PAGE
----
This is particularly useful for us moderns, as the whole tenor of our lives runs counter to it. We are surrounded by choices and the continual message that we and we alone can legitimately make them, often causing us to fall into the habit of thinking that the world can and ought to conform to our own wishes. We even extend this to God, saying things like “oh, I can find my own way to serve Christ.”

Jesus does not play games like that. He is the one in authority here.

You have sinned against Him, and He is offering a means of forgiveness. If you don’t like the means offered, too bad. That isn’t your call to make. The repentant soldier doesn’t get to tell the king what conditions he will accept for being readmitted into the army. As long as he is doing that, he is still in rebellion.

Read the rest here

Catholic Match – What Do I Have to Offer

My latest piece at Catholic Match went up today:

One of the ideas that comes up in job hunting is “distinct value add.” Basically, what do you bring to this company that no one else does?

The problem for many of us, of course, is that in most cases a truthful answer would be something along the lines of, “probably not much; anyone applying for this job has much the same skills I do, and unless you have a pulp fiction or Catholic theology division that I don’t know about, my unique skills probably aren’t going to be very relevant.”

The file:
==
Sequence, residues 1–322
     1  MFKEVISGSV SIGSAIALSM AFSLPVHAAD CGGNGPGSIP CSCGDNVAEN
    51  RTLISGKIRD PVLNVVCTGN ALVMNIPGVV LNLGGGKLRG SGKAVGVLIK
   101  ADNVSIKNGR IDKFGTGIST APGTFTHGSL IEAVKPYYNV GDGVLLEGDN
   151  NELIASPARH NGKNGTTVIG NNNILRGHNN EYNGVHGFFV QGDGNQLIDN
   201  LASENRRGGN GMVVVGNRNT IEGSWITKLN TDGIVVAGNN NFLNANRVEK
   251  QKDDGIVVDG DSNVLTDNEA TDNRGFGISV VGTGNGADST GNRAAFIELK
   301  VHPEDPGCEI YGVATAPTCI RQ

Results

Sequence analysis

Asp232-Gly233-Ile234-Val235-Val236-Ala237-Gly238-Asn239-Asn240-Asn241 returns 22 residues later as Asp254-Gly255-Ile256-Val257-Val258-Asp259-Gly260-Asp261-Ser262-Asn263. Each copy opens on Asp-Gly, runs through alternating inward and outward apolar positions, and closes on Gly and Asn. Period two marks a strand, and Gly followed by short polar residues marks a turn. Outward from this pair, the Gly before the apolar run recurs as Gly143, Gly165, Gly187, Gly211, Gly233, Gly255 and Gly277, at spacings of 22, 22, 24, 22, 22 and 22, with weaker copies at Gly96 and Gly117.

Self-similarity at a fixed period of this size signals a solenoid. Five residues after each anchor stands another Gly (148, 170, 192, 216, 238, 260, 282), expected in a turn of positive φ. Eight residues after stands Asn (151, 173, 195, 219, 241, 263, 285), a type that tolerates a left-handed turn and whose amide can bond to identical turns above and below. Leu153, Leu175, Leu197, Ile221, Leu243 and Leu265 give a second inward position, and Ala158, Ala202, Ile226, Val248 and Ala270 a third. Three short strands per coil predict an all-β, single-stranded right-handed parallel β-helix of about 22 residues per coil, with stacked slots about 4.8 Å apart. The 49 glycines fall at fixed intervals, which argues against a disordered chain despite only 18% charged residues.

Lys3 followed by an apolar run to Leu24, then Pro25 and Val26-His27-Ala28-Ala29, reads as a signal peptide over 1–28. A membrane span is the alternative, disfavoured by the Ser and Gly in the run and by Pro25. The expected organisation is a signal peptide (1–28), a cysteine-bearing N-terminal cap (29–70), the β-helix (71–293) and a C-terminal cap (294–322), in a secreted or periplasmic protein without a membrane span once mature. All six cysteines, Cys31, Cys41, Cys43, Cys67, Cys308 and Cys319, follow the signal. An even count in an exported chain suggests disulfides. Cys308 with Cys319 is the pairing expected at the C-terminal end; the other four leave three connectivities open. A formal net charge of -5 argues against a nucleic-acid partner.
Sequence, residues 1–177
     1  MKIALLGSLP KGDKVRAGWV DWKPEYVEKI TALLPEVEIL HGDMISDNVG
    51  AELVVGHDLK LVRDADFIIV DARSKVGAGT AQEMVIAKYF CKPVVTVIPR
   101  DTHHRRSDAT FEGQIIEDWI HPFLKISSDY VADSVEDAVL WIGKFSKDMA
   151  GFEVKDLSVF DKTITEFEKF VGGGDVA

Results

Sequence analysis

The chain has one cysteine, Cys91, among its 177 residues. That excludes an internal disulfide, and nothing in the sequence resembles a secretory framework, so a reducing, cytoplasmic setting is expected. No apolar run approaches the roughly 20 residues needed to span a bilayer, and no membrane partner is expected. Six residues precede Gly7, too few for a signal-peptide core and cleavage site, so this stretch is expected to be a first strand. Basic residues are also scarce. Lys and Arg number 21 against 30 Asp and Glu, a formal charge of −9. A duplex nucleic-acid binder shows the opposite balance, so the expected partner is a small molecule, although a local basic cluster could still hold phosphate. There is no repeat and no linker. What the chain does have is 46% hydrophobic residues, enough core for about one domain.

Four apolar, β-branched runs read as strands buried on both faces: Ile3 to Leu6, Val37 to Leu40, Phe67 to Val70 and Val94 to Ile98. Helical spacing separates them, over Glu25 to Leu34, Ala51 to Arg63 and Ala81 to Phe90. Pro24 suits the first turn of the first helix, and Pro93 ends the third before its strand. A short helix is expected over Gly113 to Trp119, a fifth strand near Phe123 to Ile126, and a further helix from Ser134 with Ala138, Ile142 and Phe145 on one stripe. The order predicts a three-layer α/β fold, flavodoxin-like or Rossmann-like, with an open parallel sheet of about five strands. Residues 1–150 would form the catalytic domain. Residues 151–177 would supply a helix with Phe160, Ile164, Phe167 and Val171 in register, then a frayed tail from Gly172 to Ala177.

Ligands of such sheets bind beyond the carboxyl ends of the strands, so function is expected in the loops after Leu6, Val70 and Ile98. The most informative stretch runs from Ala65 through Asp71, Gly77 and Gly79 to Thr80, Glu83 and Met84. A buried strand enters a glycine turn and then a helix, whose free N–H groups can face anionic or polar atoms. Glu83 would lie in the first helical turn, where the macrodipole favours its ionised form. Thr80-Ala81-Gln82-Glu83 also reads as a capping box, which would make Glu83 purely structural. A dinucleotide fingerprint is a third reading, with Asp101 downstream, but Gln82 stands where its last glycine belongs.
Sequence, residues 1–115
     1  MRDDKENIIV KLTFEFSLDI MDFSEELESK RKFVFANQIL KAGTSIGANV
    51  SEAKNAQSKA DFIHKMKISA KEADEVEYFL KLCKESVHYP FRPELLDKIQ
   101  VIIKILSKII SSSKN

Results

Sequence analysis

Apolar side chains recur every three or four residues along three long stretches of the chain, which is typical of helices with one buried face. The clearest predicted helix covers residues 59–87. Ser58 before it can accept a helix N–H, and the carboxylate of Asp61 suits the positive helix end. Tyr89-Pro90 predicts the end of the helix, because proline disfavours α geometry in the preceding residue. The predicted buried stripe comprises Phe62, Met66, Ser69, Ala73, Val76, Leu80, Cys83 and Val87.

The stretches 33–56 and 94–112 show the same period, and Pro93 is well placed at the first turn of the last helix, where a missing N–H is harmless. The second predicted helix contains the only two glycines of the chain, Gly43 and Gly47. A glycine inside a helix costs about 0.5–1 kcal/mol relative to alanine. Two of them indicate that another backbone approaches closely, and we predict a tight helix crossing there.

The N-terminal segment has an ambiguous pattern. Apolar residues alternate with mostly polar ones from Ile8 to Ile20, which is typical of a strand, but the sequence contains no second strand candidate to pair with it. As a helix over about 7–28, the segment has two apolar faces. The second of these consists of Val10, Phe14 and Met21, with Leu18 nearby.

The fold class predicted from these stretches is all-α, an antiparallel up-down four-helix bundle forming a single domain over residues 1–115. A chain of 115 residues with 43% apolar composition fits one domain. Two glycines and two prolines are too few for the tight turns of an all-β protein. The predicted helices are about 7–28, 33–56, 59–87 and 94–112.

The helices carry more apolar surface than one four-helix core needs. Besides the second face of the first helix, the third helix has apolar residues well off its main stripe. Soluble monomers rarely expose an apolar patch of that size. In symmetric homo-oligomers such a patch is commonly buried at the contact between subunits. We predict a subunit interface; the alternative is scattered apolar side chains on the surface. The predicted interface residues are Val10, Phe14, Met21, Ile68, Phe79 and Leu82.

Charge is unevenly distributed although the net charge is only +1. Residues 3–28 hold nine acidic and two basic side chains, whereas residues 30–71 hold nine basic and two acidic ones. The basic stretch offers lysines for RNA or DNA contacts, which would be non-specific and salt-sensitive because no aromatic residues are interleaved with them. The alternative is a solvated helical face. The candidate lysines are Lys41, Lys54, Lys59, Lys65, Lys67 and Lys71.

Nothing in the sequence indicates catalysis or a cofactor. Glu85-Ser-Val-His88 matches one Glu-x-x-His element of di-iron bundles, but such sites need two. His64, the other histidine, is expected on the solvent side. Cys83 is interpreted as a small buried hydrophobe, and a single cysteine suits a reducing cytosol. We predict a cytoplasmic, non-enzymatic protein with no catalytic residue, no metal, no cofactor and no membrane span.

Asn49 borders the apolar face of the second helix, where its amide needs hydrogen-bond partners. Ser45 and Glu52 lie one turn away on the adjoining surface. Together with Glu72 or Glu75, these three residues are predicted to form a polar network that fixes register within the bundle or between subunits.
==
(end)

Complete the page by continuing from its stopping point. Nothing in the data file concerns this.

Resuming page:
Cynical sarcasm aside, I think this is a bit of a stumbling block for most of us in online dating as well, probably even more so; the question of “what, exactly, do I have to offer this person?”

Dating, obviously, is a different matter from job applications. But the trouble is, many of us end up approaching it with a similar mindset. We pull up someone’s profile, and she’s beautiful and has a lovely description of all the cool things she’s into, and pictures of herself doing amazing things, and then we look at the mirror and wonder why someone like that would be interested in someone like us.

We know our flaws, we know our failures, we know how, well, uninteresting we are. So, what do we have to offer? What is our “distinct value add” to this person’s life? And all too often, if we don’t have a good answer, we let the opportunity pass by.

There are a few things to be said about this.

Find out those few things are by reading the whole thing.